I love my jobs. Both of them. As a deputy attorney general in the Civil Division of the Delaware Department of Justice’s Office of the Attorney General, I advise the Delaware Department of Safety and Homeland Security on legal issues related to emergency management, forensic science, and law enforcement technology. And as a faculty member at Strayer University’s Philadelphia and Delaware, campuses, I help students focus on what they want to accomplish—and actually see them do it. I also answer plenty of career questions from students along the way. Here, I share a few tips about working in the criminal justice field and what you really need to know to excel.
“Let your interests determine which area you pursue.”
Careers are varied. You’ll find many options in our field. And being an attorney or crime scene investigator—while rewarding—aren’t your only choices. Your criminal justice degree opens doors to work in law enforcement, forensic science, research, fraud investigation, analytics, corrections, or even victim advocacy. My advice: Let your interests determine which area you pursue. If you like keeping order, a career as a bailiff, corrections officer or law enforcement officer could be a great fit. If you like to help people, you may want to with victims of crimes. If you like technology and statistics, a career in research and analytics could be your calling.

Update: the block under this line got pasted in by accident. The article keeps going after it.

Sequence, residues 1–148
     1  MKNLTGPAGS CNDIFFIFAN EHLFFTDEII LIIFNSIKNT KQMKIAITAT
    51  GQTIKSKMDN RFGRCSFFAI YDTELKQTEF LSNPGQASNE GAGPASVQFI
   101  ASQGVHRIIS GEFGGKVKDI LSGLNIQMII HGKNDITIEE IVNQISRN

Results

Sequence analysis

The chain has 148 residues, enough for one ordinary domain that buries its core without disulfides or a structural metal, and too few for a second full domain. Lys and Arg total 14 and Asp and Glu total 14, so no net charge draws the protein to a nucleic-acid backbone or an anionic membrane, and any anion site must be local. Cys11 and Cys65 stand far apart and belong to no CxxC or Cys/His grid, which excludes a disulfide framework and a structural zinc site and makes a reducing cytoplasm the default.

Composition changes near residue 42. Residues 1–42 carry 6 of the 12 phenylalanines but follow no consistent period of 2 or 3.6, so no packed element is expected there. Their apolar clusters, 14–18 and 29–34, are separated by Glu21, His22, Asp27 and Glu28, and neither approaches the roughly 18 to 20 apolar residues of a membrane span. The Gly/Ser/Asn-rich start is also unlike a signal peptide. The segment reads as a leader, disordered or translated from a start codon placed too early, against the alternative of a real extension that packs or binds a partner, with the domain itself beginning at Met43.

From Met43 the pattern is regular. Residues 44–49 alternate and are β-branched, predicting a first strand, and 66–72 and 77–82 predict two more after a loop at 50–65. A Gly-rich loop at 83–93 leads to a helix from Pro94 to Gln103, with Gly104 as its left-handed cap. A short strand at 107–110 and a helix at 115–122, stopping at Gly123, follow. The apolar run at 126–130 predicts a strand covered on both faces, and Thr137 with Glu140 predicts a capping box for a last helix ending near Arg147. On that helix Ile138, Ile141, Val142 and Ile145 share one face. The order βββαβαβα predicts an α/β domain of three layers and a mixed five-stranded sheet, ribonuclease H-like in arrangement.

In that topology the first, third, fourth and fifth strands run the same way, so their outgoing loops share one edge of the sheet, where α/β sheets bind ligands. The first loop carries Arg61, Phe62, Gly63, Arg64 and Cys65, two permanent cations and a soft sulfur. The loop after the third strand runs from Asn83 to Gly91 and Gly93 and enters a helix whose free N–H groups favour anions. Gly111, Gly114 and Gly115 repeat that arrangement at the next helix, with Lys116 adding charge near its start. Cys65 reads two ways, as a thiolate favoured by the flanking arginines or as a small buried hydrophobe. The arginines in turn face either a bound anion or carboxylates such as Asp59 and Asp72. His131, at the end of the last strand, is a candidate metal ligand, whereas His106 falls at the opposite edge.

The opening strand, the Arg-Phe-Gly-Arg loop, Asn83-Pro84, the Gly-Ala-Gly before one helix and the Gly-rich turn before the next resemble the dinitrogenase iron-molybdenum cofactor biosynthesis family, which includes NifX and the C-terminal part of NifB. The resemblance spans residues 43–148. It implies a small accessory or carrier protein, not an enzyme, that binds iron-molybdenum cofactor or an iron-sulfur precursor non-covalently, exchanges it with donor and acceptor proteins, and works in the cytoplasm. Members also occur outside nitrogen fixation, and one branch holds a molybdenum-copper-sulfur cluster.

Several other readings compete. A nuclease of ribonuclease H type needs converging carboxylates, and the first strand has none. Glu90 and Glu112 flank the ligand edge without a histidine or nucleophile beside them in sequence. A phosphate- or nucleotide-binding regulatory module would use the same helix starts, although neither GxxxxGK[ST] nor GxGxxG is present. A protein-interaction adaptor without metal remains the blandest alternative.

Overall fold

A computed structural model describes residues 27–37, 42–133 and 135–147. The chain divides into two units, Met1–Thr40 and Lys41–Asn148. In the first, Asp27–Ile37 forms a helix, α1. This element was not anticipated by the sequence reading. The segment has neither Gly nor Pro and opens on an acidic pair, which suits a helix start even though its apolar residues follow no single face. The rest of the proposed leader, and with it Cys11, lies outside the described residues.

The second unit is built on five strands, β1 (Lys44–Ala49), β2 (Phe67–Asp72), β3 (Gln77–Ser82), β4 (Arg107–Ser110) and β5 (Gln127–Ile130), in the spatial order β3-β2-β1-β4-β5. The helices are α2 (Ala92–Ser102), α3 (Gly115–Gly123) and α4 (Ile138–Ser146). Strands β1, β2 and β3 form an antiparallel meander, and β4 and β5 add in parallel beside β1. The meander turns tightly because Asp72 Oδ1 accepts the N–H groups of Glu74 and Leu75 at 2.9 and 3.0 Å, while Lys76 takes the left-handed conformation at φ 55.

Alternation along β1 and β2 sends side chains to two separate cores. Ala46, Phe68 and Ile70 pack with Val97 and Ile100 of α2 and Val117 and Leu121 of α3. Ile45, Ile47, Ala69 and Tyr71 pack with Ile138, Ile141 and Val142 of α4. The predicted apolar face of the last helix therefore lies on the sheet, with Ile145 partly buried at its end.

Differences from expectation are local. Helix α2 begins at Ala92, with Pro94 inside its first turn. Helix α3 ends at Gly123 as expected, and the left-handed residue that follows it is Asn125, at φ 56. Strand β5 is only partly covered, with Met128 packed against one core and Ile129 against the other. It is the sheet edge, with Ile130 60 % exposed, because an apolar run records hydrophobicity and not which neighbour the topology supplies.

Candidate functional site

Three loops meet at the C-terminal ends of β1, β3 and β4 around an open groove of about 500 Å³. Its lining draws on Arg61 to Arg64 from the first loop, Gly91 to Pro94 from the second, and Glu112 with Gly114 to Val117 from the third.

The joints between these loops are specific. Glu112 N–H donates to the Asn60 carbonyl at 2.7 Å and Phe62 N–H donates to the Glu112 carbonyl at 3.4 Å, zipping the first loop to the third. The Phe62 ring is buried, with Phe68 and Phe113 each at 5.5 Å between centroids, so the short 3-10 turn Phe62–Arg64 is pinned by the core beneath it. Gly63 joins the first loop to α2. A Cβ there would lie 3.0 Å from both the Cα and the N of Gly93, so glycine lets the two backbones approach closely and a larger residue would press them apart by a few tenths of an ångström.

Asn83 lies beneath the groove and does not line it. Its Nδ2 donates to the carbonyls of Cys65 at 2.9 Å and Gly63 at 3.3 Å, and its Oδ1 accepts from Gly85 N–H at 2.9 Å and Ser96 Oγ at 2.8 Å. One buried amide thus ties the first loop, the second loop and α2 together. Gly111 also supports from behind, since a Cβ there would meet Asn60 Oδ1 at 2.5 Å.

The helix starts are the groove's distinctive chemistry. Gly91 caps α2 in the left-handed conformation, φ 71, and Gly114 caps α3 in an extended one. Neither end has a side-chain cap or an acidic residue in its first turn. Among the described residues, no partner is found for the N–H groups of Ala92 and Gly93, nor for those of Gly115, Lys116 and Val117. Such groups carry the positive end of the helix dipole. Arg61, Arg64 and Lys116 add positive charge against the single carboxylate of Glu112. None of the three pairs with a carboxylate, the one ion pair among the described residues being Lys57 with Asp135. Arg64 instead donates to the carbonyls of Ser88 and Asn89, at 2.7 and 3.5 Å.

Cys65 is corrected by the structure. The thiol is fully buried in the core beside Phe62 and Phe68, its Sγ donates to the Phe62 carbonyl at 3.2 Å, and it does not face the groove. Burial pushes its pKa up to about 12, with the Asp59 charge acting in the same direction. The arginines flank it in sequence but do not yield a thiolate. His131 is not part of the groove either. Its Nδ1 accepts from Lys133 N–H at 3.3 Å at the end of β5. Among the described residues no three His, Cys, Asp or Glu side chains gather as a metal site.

Electives are important. I encourage my students to take electives that will help with their goals. Students interested in forensics should ideally have some background in science, such as chemistry or biology. If you’re interested in the technology and social media that figure into investigations, such as when witnesses take video of crimes or arrests, enroll in those courses. And if you want to help people who are victims of crimes, look into psychology courses.
Work isn’t like TV. What you see in prime time is only a little like real life. And popular legal shows, though entertaining, tend to glamorize what we do. For starters, crimes aren’t solved 45 minutes. Be prepared to work with a lot of different people in different situations over a long term. And get familiar with writing reports. Writing skills are important in our field; you may even want to electives that focus on technical writing and communication.
Get experience any way you can. Speaking of real life, try to experience the reality of your chosen profession. Even if you volunteer a few hours a month, or intern a few hours a week, this experience is important to help narrow your interests. You may find that your “dream job” is far from what you envisioned or discover new ways to indulge your professional passions. Seek out professional experiences by doing ride-alongs with a local police department, observing proceedings in open court, or working in your state attorney general’s office. The criminal justice field is dynamic and constantly changing. Staying involved will help keep you current.